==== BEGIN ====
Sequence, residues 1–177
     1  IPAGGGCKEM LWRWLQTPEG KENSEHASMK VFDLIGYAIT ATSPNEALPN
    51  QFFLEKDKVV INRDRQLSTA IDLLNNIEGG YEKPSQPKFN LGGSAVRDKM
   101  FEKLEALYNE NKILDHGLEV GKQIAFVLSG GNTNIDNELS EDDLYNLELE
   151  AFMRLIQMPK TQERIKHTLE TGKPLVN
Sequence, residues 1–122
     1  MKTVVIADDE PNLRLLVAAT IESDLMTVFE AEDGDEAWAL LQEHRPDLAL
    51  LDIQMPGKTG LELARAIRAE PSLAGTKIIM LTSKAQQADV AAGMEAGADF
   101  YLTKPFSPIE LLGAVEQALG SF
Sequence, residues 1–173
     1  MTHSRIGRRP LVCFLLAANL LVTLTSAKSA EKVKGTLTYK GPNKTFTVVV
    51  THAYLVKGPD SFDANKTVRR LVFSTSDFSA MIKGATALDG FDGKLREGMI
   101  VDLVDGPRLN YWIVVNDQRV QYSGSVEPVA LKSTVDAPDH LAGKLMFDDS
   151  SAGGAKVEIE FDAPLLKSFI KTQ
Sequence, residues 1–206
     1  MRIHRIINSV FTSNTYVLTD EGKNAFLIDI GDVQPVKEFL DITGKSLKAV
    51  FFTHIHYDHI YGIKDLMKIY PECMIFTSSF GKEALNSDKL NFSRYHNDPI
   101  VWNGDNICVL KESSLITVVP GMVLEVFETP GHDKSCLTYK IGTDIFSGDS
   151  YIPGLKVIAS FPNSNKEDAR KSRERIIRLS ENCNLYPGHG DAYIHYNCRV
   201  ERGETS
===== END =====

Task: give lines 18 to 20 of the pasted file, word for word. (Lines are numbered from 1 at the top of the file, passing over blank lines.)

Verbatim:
   101  VWNGDNICVL KESSLITVVP GMVLEVFETP GHDKSCLTYK IGTDIFSGDS
   151  YIPGLKVIAS FPNSNKEDAR KSRERIIRLS ENCNLYPGHG DAYIHYNCRV
   201  ERGETS